How Long Should I Keep My Tax Records?

Published / Last Updated on 22/04/2024

We are regularly asked the question of how long people should keep their tax and financial records.

The answer is not exact and will depend upon your circumstances and whether we are talking about personal tax records or business tax records.

Personal Tax Records and Self Assessment

Self Assessment is a voluntary disclosure of your assets and income for tax.  Many people do not need to file tax returns as they are employees, so income taxes are collected through payroll, tax relief on pensions is granted at source or via ‘net pay’ arrangement deductions of contributions from your gross pay before tax.  In addition, interest from savings will usually be within the tax-free savings allowance, dividends will usually be within the tax-free dividend allowance and other savings in tax free ISAs and tax deferred investment bonds.  That said, you may need to complete self assessment tax returns if:

  • If you move from being a basic rate taxpayer to a higher rate taxpayer.  This may mean more taxes due on savings interest and dividends as well as tax refunds on private pension contributions.
  • If you have rental income from property.
  • If you receive dividends or interest more than the tax-free allowances.
  • If you draw more from investment bonds than the 5% annual withdrawal.
  • If you have foreign income or gains.

HMRC may ‘pull’ your file at random to check your accuracy.  If you have no kept accurate records, you may get into difficulty.

HMRC also has no time limit as to when they may investigate you or if you have made an error with your submission.  We can also take a guide from HMRC’s own precedents:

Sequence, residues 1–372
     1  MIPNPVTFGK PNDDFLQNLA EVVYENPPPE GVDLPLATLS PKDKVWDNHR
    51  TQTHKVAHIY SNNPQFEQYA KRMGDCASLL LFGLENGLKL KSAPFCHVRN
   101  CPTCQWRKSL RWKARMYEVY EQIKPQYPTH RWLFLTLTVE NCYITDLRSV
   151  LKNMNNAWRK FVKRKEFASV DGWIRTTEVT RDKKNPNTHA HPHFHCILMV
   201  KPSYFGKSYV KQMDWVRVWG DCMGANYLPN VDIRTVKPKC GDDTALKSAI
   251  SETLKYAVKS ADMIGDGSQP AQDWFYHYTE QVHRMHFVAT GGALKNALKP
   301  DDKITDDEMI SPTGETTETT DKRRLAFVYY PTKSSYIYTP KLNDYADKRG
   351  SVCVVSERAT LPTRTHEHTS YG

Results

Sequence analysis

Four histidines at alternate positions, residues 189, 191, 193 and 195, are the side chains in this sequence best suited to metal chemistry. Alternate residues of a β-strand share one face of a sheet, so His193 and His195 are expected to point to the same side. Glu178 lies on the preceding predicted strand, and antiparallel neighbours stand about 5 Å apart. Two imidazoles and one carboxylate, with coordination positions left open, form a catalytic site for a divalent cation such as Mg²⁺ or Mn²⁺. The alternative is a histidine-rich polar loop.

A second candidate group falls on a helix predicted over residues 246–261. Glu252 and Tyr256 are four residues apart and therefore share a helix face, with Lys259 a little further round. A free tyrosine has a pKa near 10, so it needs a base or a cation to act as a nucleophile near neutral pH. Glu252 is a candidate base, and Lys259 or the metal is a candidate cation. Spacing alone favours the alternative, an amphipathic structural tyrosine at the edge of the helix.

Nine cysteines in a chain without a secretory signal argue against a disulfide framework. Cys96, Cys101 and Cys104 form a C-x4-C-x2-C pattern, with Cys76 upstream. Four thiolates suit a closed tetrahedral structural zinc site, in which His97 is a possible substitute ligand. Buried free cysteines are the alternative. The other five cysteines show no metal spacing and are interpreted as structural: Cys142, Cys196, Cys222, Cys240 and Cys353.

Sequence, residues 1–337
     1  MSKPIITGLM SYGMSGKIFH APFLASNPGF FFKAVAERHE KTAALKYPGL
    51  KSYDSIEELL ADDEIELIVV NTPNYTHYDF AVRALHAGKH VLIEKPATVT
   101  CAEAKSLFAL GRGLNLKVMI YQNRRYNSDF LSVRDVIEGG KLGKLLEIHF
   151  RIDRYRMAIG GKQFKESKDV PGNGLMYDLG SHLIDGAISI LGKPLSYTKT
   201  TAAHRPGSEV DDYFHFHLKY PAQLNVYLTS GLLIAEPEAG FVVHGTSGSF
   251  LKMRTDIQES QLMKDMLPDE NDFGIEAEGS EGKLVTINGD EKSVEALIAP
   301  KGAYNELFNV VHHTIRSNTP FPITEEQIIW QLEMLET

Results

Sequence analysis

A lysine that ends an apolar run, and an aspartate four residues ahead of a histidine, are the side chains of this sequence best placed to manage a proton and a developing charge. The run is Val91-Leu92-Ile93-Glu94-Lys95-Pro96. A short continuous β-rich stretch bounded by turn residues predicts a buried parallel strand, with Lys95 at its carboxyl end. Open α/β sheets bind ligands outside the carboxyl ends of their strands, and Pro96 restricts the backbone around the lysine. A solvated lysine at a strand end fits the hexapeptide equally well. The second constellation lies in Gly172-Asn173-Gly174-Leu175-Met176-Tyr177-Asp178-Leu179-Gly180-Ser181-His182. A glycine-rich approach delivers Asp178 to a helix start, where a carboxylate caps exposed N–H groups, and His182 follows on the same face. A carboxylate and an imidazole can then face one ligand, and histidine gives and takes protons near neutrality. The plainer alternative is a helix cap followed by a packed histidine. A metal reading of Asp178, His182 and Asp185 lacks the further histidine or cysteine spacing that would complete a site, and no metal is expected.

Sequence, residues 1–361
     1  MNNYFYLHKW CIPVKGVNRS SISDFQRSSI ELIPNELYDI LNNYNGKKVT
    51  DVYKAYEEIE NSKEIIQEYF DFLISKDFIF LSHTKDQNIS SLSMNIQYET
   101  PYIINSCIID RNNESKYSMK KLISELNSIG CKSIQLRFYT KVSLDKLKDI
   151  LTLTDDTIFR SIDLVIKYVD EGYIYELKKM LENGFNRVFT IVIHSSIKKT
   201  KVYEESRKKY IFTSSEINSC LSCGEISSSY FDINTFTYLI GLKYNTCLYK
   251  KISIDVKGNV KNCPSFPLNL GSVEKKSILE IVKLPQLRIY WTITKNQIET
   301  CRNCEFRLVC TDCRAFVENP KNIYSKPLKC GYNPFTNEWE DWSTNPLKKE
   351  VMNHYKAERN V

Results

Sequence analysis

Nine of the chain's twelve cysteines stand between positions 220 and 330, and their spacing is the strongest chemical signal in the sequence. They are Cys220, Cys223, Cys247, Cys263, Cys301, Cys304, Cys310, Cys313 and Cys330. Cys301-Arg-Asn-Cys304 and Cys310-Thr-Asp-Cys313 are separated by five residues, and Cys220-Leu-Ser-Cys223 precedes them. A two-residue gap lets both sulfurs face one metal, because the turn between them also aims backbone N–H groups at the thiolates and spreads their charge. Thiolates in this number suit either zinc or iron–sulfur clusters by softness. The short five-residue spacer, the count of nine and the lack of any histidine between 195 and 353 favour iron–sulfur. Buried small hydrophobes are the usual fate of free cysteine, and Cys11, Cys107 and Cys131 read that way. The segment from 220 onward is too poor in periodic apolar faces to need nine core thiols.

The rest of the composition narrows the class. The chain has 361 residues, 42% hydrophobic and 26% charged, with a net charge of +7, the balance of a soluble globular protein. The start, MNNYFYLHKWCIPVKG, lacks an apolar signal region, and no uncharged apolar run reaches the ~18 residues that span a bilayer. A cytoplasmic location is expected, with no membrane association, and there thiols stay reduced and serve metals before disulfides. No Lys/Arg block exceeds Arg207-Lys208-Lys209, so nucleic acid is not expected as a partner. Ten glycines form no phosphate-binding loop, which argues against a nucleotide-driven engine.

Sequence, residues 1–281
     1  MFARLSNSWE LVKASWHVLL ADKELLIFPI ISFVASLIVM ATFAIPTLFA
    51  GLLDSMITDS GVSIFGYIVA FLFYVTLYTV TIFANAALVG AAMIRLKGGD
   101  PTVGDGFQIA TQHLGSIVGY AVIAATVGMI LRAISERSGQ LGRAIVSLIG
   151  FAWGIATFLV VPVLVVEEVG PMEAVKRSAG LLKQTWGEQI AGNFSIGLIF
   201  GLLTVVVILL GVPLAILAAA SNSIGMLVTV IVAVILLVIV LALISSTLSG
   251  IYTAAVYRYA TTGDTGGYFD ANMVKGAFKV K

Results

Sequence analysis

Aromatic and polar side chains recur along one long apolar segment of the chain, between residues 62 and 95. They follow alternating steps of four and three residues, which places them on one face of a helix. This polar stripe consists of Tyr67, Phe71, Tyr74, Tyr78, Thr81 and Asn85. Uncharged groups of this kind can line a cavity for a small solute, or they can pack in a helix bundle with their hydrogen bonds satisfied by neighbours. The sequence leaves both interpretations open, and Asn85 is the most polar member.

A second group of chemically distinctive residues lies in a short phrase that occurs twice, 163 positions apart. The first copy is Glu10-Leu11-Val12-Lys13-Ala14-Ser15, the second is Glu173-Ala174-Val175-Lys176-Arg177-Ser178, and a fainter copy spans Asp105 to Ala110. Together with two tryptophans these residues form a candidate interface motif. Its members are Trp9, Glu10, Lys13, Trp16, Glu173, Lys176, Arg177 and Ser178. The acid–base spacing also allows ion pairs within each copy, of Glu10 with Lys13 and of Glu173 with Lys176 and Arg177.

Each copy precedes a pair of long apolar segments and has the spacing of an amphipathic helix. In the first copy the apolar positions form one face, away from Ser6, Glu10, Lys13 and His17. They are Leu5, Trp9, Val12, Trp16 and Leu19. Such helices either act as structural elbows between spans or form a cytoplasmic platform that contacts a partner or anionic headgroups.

• HMRC will usually go back up to 4 years if there have been some mistakes or genuine errors in your tax returns.
  • HMRC may go back up to 6 years if you have been ignorant or careless in the accuracy of your tax returns.  To quote HMRC “there is no excuse for ignorance”.  If in doubt you should have contacted them direct or a tax adviser like us.
  • HMRC has been known to go back up to 12 years for offshore savings, investments, and trusts matters.
  • HMRC has been known to go back over 20 years if there has been deliberate tax evasion.
  • The onus of proof is on you and not on HMRC.  They are there to enforce tax law only and they have no bias whether you are rich, poor, are financially literate or not.

Our guidance therefore is to keep your tax and financial history indefinitely.

Tax Records for Business

HMRC has issued guidance that:

  • Self employed and partnerships should keep business records for up to 5 years.
  • Limited companies should keep business records for up to 6 years.

Our guidance is still to keep your tax and business records indefinitely.

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